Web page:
I’ve been doing more of the grocery shopping lately, mainly quick trips to get a few things missing from the refrigerator or pantry. Being at our neighborhood grocery store so often has me noticing a particular customer service routine that hadn’t struck me when I wasn’t the primary shopper. Before or soon after the checker begins scanning the groceries, he or she asks:

“Did you find everything?”

It’s a great question to identify front line customer service issues because it potentially sets up additional sales. If the customer mentions having had difficulty finding something, someone can run to get the hard-to-find item before the checkout concludes.

The problem, at least at my neighborhood store, is when an item is out of stock, the checkers have no response.

In the past few weeks, I let them know a specific brand of pickles had disappeared from the shelves. The checker’s response was, “Oh.”

Last night, the grocery store was out of the brand and flavors of yogurt my wife wanted. In response to the inevitable question about whether I’d found everything, I let the checker know they were woefully out of yogurt. Her response? “We’ve been hearing that.”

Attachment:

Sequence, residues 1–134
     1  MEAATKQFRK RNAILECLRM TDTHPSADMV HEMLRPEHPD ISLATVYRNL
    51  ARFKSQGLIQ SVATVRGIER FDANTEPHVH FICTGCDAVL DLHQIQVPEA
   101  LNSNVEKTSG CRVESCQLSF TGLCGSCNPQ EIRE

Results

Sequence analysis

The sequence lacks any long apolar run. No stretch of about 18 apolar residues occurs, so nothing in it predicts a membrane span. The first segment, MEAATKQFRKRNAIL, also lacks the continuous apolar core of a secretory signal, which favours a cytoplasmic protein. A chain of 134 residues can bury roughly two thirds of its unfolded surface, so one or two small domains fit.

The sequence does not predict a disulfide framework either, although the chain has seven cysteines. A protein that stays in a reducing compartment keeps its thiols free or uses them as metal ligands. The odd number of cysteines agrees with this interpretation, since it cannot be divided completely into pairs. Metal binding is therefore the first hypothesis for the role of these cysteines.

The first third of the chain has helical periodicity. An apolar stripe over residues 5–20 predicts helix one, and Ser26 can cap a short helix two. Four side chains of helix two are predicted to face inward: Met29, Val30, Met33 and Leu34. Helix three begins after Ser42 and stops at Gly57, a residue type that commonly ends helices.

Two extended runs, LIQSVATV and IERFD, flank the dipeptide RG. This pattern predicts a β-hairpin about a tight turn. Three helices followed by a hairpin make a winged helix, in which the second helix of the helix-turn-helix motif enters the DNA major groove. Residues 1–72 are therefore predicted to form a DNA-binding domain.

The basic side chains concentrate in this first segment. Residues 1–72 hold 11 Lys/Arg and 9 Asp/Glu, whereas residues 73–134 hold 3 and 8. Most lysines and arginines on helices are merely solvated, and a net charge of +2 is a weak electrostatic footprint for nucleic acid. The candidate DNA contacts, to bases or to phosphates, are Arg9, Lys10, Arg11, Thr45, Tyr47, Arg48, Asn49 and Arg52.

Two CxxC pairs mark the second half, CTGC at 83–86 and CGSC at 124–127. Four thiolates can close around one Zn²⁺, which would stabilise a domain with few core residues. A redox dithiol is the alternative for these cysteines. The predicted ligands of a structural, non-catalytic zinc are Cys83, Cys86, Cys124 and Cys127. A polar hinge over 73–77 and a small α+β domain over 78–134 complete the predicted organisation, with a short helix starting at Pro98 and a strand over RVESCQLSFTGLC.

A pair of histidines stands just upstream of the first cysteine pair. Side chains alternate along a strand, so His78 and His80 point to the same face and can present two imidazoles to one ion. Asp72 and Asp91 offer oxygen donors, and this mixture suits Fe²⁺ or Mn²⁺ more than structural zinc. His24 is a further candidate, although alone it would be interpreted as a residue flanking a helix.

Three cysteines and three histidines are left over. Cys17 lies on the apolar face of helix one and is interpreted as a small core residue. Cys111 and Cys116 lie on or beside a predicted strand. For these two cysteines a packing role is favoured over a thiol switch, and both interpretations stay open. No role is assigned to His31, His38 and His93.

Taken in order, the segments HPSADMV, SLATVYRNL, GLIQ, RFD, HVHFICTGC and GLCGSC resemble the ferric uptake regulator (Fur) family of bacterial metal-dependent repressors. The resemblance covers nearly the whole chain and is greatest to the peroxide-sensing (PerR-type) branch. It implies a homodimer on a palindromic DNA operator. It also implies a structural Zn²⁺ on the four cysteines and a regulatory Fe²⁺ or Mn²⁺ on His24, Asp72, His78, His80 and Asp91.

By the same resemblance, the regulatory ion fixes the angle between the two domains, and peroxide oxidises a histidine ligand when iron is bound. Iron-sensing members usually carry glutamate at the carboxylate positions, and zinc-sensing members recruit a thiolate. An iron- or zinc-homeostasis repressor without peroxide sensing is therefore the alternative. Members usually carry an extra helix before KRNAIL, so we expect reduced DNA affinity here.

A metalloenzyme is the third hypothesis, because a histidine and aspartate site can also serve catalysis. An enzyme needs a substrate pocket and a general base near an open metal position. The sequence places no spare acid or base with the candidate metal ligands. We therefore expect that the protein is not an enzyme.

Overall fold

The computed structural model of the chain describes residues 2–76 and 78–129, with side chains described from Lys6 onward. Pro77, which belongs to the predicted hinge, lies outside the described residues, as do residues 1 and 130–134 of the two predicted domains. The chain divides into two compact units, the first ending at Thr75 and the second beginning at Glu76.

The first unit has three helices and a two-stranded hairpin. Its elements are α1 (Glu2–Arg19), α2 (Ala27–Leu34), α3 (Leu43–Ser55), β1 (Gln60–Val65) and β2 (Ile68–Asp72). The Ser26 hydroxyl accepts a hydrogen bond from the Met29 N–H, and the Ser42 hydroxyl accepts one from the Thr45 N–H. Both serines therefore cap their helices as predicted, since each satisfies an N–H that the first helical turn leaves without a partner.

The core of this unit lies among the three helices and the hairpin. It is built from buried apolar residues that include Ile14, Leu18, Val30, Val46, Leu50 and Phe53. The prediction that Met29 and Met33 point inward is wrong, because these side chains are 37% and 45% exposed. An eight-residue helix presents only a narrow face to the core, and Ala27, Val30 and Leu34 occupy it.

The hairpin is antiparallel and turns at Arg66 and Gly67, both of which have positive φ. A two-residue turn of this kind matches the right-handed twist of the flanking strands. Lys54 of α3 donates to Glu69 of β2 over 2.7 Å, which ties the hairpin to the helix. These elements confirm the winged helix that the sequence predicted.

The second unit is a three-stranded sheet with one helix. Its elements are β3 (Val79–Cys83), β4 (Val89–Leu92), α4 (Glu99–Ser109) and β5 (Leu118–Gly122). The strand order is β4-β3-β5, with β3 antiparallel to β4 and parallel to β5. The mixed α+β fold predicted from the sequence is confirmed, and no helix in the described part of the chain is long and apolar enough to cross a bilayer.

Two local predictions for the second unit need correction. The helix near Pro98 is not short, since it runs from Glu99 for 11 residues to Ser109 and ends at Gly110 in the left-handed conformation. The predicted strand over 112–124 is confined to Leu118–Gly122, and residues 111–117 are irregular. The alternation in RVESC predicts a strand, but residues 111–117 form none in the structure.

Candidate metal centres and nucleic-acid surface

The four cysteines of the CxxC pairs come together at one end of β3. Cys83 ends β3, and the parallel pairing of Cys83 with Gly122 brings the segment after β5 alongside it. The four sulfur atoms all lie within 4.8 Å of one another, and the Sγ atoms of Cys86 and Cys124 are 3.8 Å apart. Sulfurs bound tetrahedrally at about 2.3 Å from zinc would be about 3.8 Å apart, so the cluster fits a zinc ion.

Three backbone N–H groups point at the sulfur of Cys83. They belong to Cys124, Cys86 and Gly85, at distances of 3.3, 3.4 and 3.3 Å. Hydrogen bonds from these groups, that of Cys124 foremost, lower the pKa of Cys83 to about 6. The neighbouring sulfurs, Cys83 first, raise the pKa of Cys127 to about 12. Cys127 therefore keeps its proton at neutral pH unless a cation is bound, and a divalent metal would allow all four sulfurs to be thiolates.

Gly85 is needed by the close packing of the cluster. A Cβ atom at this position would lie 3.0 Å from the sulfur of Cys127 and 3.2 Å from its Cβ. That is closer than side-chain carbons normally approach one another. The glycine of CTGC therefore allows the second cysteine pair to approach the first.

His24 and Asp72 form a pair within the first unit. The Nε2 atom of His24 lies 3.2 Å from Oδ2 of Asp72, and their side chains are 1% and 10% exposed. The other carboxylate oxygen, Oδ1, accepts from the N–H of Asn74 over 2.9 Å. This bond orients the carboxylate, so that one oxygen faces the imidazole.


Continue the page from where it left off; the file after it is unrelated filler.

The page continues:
At this point, I have to ask why, if the checkers don’t have a constructive response or remedy when the store is out of something, does the store management continue to have checkers ask this question?

“Can you do something about it?”

At a minimum, there are a variety of easy tactics the grocery store could take to prepare checkers for service recovery. Potential remedies for these customer service issues include:

  • Asking if an alternative brand or substitute would work, potentially with a discount, and then retrieving it from the shelves.
  • Offering to let you know when the item will be available again.
  • Providing a coupon on a future purchase when the item is back in stock.
  • Saying, “I’m sorry about that. Is there something we can do to make it right?”
  • Noting the comment in some way so the shopper has a sense that a manager is going to hear about the stock out.
  • Actually calling a front end manager over to note the comment and apologize for the inconvenience.

Saying nothing (which is essentially what my store’s checkers do), is not only frustrating, it creates the impression their whole customer service effort is hollow.